Date Posted: December 12th, 2011
Collen Banda used to consider himself “a star among young men.” Those were the days before he contracted HIV. Looking back on that time, his face changes and he adopts a serious tone. He says, “Now, you can see what this illness has done to me.” Mr. Banda is almost bedridden.
For Mr. Banda, his HIV status is an opportunity to discuss responsible sexual practices with his community. He believes that by telling his story, future generations will be saved.
Mr. Banda is a middle-aged man. He has one daughter and one son. Upon seeing that his health was failing, his wife of five years left him. Mr. Banda says, “I guess she will remember me one day when I am no more.” The responsibility for his upkeep and care is now with his stepmothers.
Like any other small-scale farmer in the Zambian village of Mutakwa, farming is used to be his livelihood. But Mr. Banda can no longer earn a steady income. He relies on his family. To make ends meet, his mother sells greens from his once-booming vegetable garden.
Mr. Banda says that while HIV is an illness like any other, there is still some stigma attached to it. The stigma makes it harder for him to tell his story, but he persists. A constant stream of friends and relatives come to visit Mr. Banda. He makes a point of talking to them about the dangers of having multiple partners and unprotected sex.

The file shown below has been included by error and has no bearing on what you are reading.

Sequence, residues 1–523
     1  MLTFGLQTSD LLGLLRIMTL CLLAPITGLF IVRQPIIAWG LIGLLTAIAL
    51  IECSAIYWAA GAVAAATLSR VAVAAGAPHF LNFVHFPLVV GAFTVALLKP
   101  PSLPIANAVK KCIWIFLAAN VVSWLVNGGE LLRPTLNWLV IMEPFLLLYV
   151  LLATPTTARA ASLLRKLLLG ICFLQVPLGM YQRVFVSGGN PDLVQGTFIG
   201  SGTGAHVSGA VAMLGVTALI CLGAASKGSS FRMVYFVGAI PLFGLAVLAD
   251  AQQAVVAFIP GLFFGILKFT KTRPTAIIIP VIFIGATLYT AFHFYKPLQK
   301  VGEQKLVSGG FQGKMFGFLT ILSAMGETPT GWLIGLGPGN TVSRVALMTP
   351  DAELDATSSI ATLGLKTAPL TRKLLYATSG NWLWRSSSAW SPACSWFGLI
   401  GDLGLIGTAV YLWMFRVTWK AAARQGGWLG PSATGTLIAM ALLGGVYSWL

Referring to condoms, he tells his friends, “Some say you cannot have a shower while wearing a raincoat, but that philosophy cannot be applied to sex.” He makes it clear to them that if they take more sexual partners, they have a greater chance of contracting HIV.
Mr. Banda’s condition has given his father reason to reflect. Mr. Banda senior comments that HIV was almost unheard of in his time. He says, “I used to indulge in sex without fear of meeting death as is the case with this generation.” Mr. Banda senior has three wives, but notices that polygamy is not so common nowadays. He believes it has been replaced by extramarital affairs among young people. He comments, “Today, I see young men and women change partners like stockings.”
Yet, despite his father’s concerns, Mr. Banda is keen to make an impact on his community. There are no HIV support groups, or counselling available nearby. But Mr. Banda will continue telling his story, despite lacking the energy to knock on doors.